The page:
The BACE1-PSEN-AβPP regulatory axis has an ancient role in response to low oxygen/oxidative stress

Discipline of Genetics, School of Molecular and Biomedical Sciences, The University of Adelaide, SA, Australia.
Journal of Alzheimer's disease: JAD (Impact Factor: 4.15). 11/2011; 28(3):515-30. DOI: 10.3233/JAD-2011-110533
Source: PubMed


Oxygen homeostasis is essential for the development and normal physiology of an organism. Hypoxia causes the mitochondrial electron transport chain to generate higher levels of reactive oxygen species resulting in oxidative stress. Hypoxia can be a direct consequence of hypoperfusion, a common vascular component among Alzheimer's disease (AD) risk factors, and may play an important role in AD pathogenesis. Beta-site amyloid-β A4 precursor protein-cleaving enzyme 1 (BACE1) is responsible, with γ-secretase, for cleavage of the amyloid-β protein precursor (AβPP) to produce amyloid-β (Aβ) peptide. A recent study observed that oxidative stress increases BACE1 expression via a regulatory pathway dependent on γ-secretase cleavage of AβPP and this increases Aβ peptide production. Zebrafish embryos represent normal cells in which complex and subtle manipulations of gene activity can be performed to facilitate analysis of genes involved in human disease. Here we identify and describe the expression of bace1, the zebrafish ortholog of human BACE1. We observe that the zebrafish AD-related genes bace1, psen1, psen2, appa, and appb all show increased mRNA levels under hypoxia. A dominant negative form of psen1 putatively blocking γ-secretase activity blocks bace1 upregulation under hypoxia. Hypoxia increases catalase gene mRNA indicating increased oxidative stress but we did not observe increased levels of F2-isoprostanes that indicate peroxidation of arachidonic acid, possibly due to relatively low levels of arachidonic acid in zebrafish. Our results demonstrate that upregulation of PSEN1 & 2, AβPP and the γ-secretase-dependent upregulation of BACE1 is an ancient, conserved, and thus selectively advantageous response to hypoxia/oxidative stress.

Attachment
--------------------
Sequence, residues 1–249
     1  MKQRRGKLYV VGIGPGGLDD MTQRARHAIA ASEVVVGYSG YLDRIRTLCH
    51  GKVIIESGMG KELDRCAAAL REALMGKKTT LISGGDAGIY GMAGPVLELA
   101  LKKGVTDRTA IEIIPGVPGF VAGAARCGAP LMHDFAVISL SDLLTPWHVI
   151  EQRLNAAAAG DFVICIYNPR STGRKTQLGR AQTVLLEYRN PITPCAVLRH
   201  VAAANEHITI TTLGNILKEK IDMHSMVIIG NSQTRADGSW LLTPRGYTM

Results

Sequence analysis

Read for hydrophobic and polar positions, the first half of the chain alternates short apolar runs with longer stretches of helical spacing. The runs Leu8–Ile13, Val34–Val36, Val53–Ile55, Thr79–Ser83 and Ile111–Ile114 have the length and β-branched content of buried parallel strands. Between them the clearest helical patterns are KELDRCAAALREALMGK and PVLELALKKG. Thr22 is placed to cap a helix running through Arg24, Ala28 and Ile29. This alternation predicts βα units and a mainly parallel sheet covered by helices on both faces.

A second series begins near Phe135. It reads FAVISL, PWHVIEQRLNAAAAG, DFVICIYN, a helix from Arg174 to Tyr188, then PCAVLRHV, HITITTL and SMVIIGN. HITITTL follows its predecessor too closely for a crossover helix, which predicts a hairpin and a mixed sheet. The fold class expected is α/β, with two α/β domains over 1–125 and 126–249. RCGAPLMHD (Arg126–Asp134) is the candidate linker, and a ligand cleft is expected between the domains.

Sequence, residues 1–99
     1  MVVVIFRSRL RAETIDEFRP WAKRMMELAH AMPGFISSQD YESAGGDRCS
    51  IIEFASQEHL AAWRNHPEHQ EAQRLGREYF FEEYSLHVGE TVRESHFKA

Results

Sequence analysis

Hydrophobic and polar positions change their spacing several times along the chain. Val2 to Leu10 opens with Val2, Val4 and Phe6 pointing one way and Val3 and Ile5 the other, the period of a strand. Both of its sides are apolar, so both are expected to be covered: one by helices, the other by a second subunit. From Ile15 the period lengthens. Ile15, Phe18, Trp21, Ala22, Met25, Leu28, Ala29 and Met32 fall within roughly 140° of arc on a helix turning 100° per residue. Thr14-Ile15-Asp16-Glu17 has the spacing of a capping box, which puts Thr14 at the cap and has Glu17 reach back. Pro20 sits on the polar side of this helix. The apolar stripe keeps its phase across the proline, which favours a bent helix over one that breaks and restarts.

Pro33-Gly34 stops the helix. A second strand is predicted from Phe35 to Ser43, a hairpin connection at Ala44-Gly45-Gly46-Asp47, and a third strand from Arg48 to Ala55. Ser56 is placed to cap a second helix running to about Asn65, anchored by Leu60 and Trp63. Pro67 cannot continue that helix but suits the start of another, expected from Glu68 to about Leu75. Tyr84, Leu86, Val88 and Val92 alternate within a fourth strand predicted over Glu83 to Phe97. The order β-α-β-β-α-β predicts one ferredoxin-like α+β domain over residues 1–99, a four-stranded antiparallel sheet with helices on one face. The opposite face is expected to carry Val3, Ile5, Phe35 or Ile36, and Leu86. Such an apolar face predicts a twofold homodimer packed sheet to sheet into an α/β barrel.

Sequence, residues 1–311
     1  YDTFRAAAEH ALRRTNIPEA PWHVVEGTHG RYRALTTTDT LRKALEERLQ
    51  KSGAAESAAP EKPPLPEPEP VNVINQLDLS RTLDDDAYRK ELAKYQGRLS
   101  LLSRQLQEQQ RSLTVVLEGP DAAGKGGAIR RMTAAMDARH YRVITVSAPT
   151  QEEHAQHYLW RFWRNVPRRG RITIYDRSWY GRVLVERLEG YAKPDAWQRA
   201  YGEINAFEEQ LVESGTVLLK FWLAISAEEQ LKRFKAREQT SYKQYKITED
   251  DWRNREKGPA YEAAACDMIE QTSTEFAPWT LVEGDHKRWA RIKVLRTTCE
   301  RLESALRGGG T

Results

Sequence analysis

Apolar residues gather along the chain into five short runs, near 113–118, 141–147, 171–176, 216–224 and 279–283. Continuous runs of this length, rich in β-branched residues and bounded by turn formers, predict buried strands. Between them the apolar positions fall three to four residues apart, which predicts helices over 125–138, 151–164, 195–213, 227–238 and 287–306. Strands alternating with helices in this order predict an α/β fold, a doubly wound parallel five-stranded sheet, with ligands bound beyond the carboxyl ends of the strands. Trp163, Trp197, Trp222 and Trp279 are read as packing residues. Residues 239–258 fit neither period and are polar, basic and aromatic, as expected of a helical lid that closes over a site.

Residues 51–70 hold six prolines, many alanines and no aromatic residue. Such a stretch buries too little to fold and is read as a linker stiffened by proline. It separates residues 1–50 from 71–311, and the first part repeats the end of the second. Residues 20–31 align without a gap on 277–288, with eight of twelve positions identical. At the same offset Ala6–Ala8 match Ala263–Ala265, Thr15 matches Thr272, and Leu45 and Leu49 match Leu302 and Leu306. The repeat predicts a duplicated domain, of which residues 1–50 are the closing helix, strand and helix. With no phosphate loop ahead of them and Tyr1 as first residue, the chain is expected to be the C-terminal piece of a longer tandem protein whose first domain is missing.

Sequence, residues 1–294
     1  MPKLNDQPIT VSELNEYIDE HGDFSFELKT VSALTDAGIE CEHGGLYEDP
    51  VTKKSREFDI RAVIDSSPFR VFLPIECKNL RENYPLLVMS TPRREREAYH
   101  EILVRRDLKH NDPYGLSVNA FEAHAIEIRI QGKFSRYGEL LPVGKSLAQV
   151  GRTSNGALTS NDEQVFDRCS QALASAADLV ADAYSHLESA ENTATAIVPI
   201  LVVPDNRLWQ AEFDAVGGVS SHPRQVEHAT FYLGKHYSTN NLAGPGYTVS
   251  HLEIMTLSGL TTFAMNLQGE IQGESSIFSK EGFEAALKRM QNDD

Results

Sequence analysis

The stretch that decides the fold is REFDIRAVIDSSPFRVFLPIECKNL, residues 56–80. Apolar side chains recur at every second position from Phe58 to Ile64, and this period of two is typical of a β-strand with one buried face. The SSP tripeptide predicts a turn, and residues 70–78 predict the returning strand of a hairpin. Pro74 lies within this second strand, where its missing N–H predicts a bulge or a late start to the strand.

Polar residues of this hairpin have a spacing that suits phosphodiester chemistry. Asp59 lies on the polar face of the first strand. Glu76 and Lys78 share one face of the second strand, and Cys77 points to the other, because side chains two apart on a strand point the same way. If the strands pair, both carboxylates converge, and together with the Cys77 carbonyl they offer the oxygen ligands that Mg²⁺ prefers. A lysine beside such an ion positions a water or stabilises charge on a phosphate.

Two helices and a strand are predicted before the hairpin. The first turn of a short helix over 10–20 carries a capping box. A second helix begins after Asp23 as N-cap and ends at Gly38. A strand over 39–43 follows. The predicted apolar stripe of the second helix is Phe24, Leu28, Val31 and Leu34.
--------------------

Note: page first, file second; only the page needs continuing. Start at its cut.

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    • "Zebrafish embryos and adults can be exposed to real hypoxia by depleting their water environment of oxygen or to chemical mimicry of hypoxia through, e.g., sodium azide treatment (Moussavi Nik et al., 2011). Similarly to what is observed in humans (Lukiw et al., 2001; Pluta, 2005; De Gasperi et al., 2010; Zhang and Le, 2010), hypoxia upregulates psen1, psen2, appa, appb, and bace1 in zebrafish adult brain and larvae (Moussavi Nik et al., 2012). This suggests that Aβ is produced as a protective response to hypoxia in both human and zebrafish cells – a response conserved over 450 Mya of evolutionary time. "
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